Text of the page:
On the face of it, leaving your job is a very simple thing to do. Hopefully it will have been your decision to leave, but regardless of the motivation, there are a few steps that you can take to ensure a smooth transition, maintain some valuable contacts and enhance your future prospects. Below are a few tips on how to make an effectively graceful exit.
Resolve yourself to your future
Whatever the reason for leaving, the first step to take is to be make sure that you’re comfortable with leaving, and that you see it as an opportunity rather than a threat. Many people advance their careers significantly by changing jobs, and at the very least, leaving your current workplace allows you a unique opportunity to re-evaluate and refocus your life. Once you’re 100% comfortable in your own mind, it will make the steps of leaving much more simple and even pleasant.
Remember why you joined in the first place
Even if there is a negative reason for leaving your job, there must have been positive reasons as to why you joined the company originally. Stay mindful of these reasons, and allow them to inform you of the most beneficial aspects of the job that you are leaving. You will have added to your experience, met new people and possibly learnt new skills along the way, so the job you are leaving has served a useful purpose. A positive outlook is the best image that you can give your ex colleagues to retain once you’ve left.
Fireproof your bridges
Although it can often be tempting, it is not a good idea to burn bridges with your ex boss or any former colleagues prior to or during the leaving process. Even if they are the reason for you leaving, it is recommended to stay on cordial terms with pretty much everyone, because you never know when circumstances might change or what opportunities that involve these people might occur in the future.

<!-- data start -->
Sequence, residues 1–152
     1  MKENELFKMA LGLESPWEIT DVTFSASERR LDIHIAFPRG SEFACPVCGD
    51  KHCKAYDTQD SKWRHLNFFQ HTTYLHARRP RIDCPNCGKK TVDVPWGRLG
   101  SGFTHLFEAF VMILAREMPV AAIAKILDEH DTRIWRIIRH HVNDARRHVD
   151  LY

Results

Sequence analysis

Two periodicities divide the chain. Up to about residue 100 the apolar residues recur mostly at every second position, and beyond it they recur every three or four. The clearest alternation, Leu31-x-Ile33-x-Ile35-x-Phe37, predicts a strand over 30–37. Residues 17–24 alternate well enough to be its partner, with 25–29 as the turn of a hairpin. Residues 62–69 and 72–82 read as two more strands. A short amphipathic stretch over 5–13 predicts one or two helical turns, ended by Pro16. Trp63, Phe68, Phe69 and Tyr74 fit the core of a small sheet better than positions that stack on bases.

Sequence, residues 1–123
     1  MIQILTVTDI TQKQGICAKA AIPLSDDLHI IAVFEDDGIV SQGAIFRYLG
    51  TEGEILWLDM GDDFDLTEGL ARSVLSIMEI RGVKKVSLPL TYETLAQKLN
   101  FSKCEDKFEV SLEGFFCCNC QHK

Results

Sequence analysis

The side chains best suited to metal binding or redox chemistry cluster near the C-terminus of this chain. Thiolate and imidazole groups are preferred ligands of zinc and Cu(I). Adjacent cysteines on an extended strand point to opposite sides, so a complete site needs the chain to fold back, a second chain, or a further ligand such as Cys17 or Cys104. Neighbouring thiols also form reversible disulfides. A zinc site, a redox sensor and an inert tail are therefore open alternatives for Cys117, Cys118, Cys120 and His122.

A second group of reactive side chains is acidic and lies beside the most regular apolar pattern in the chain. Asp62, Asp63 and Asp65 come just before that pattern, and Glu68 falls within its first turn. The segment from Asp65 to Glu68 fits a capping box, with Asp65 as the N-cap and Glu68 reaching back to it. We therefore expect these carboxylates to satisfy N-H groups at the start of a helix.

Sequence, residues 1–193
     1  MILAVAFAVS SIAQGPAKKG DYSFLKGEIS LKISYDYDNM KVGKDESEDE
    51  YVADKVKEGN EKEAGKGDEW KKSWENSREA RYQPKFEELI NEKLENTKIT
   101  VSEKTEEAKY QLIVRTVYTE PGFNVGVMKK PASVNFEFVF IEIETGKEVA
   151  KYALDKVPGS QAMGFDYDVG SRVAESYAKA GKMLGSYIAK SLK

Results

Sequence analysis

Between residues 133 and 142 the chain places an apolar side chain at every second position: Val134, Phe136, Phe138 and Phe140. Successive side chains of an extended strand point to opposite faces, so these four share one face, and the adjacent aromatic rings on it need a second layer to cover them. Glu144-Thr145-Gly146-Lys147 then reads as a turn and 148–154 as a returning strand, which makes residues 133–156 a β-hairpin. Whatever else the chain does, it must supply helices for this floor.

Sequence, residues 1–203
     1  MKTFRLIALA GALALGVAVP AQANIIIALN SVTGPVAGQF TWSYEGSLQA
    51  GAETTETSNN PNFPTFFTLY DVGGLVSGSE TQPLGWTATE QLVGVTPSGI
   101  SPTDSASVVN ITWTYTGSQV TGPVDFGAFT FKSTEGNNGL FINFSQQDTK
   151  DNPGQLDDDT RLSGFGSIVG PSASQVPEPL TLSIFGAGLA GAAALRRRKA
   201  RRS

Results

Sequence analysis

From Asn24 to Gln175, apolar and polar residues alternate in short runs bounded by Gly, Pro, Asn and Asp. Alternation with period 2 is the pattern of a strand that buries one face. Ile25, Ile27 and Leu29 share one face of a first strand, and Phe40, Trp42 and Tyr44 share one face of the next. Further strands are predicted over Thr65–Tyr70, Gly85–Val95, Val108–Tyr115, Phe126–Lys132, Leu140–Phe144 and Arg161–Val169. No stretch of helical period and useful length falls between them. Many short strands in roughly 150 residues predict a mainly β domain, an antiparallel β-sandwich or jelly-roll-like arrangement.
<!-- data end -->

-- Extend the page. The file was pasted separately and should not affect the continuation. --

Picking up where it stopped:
Thank all the right people
Just as it is important not to alienate yourself or other people whilst leaving a job, it is also a good move to go out of your way to thank and/or reward the people that have helped you during your time there. A little thought goes a long way in this area, so show your gratitude and you may well build friendships and create useful allies that can benefit you in your new direction.
Supply your suppliers
People often develop enduring and close relationships with suppliers, so be sure to inform those suppliers closest to you that you are leaving and of any future plans. Often, professionals who move roles can give new business to preferred suppliers, so it should be in their interests to maintain a relationship with you too.
Handing over the reins
Regardless of whether you can’t wait to leave your current job, or whether you will sorely miss it, a good handover is essential. Creating a concise, comprehensive and effective handover document should form the basis of this process. This document should include every relevant working aspect of your role within the company, from details of important file locations and passwords to clear contact and hierarchy details of the people and suppliers that you work with. Any inside knowledge or tips that you may have picked up during your time will also be very helpful here too.
Leave a clear desk
This tip is essential on both a practical and metaphorical level. Tying up loose ends, and leaving good status reports about ongoing projects is important if you are to leave with a truly clean desk for your successor. Much of the goodwill and reputation you may have built up at the company could be at risk of being slightly tainted if you don’t clear this final hurdle, as it will be the lasting impression your ex colleagues will have of you.
Don’t look back
The process of leaving a job can be a complicated, emotionally draining and protracted period in your life. It also signals the closing of one particular chapter in your life, and the opening of a whole new set of opportunities. Once you have left, it is crucial not to look back but instead embrace a whole new future. Good luck!